-Losing a game with moderate playoff implications.
Here's where we get into hurt-piece territory. These sting for a while. Here is the territory where remote controls and other small, semi-disposable items are in danger of becoming collateral damage. Whether you just came up short against a hated rival, find your team getting 21'd by the Browns in the first quarter, or just saw the season end (in theory or fact), you'll remember this one whether you like it or not.
Methods of coping include heavily increased intoxicant consumption, extended isolation, moderate to severe sexual healing, and removing oneself from the sphere of competition for a while. That means no E!SPN or sports sites for a couple of days. It'll be hard, but no harder than what you will experience by seeking them out. Concerned parties can assist by not bringing it up for at least that long.
Common Recovery Time: 36hr-1wk
Keywords: "...", jobbed, lucky, refs, can't believe, over, what?!
Anecdotal Example: 10/19/08, @St. Louis (and a week earlier @Arizona...what a season 2008 was, right?)
-Losing a season-ending game to an inferior opponent.
-Losing to a hated rival in a highly convincing fashion.
-Losing a non-critical player(s) for an extended period or a critical one for a short period.
-Losing a game with heavy playoff implications.
-Snatching defeat from the jaws of victory through an unexpected twist of fate.
-Referee-assisted losses through either many small errors or one huge f*ckup.
If you thought DEFCON 3 was bad, you don't want to find yourself here. While most of these involve the total death of a season, some of the worst examples of this involve loss zombification, where a team is technically still in contention but still realistically dead. Also in this category are blowouts to rivals, as you will have to hear about it until next time they play.
Methods of coping include temporary but complete isolation from the sporting world as well as all others discussed in this article combined. As these will not take effect immediately, an extended recovery program is advised. You will also do well to avoid discussion of the event, as it leads almost directly to confrontation. Concerned parties can just stay out of the way for a while...this level or above has been known to cause people not to be responsible for their immediate actions.
Common Recovery Time: 72hr-1.5wk
Keywords: next year, draft, screwed, kill ref, fire, cut, trade, new, hate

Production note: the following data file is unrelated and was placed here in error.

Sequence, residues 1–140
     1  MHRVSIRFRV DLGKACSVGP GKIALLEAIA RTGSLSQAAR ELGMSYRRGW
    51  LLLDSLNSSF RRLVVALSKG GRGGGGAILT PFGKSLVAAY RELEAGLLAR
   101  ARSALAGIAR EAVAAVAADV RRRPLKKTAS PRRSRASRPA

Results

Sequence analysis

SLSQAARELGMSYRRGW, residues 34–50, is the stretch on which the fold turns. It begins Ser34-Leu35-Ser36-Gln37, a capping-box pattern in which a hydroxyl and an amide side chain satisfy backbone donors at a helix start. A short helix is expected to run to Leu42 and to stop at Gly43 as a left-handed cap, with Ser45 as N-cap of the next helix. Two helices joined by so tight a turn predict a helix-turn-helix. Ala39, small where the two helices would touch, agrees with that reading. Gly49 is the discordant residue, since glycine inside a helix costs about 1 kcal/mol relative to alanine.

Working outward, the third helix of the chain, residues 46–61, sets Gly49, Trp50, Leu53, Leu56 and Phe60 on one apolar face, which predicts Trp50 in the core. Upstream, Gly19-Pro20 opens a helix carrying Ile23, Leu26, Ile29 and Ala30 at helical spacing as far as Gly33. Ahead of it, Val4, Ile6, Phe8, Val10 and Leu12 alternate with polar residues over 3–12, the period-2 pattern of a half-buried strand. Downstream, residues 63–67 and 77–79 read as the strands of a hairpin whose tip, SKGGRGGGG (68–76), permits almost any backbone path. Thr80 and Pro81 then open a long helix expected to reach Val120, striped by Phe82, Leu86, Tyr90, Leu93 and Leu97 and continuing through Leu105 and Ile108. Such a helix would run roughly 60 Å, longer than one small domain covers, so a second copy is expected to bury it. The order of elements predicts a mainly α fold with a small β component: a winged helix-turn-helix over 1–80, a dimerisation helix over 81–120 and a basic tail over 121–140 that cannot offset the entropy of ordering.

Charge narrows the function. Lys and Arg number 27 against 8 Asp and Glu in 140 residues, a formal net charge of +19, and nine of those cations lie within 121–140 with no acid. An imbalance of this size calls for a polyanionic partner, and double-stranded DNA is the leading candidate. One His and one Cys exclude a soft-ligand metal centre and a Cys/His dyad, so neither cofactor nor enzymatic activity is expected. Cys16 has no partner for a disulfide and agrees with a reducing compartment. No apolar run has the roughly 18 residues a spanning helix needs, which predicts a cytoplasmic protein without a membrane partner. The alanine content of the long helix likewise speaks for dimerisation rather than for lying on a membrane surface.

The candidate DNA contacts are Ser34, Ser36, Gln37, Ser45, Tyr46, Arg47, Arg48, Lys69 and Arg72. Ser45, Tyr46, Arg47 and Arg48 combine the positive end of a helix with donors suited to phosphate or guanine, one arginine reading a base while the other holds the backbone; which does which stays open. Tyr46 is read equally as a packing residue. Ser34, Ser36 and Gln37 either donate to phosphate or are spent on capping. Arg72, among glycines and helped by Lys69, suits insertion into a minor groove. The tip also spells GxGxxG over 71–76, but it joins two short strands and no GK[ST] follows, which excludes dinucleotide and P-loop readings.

Anecdotal Example: 9/12/10 @Washington
-A season-ending loss to a hated rival.
-A once-in-a-lifetime play ending a significant game the wrong way. (further reading: 2000 Super Bowl)
-An especially disappointing loss in a championship game.
-Losing both the game and critical player(s) for a significant period.
-A truly unique experience in frustration and despair.
These are the games that stick with people for generations. Any Red Sox fan worth their crimson stockings knows what happened in the '86 World Series. (I do and not only am I not even a serious baseball fan, I wasn't even born yet.) If there are more than 5 Utah Jazz fans, I'm betting they don't wear Jordans. I still might punch Patrick Crayton in the face if I ever see him. These are the single worst moments of being a sports fan...but then again, it's what you signed up for when you agreed to be one.
As far as coping goes, nothing but time will close that wound and there will be a scar. There are entire generations of sports fans who still cannot bear to speak of certain names, dates, and concepts because of events that took place decades ago. (Mention the Tuck Rule in any participating Oakland area bar for a free stabbing!) Try not to break anything irreplaceable. Concerned parties just have to wait it out with the fan in question...after all, if you're lucky, there will only be one or two of these in an entire lifetime.
Common Recovery Time: 1wk-?
Keywords: the 7 or so you can't say on television.
Anecdotal Example: 12/28/08 @Philadelphia.
Hopefully, you at least enjoyed this look at the types of losses more than living through them. If you're going to be a sports fan, you have to do it through winning, losing, and history made doing either. As a Cowboys fan, even the most successful season I've ever seen contained 3 losses (and eventually, a crushing 4th), so odds are I have not seen my beloved 'Boys take an L for the last time. However, at least after yesterday, I can say it's not so bad. After all, there's always next time...except when there's not.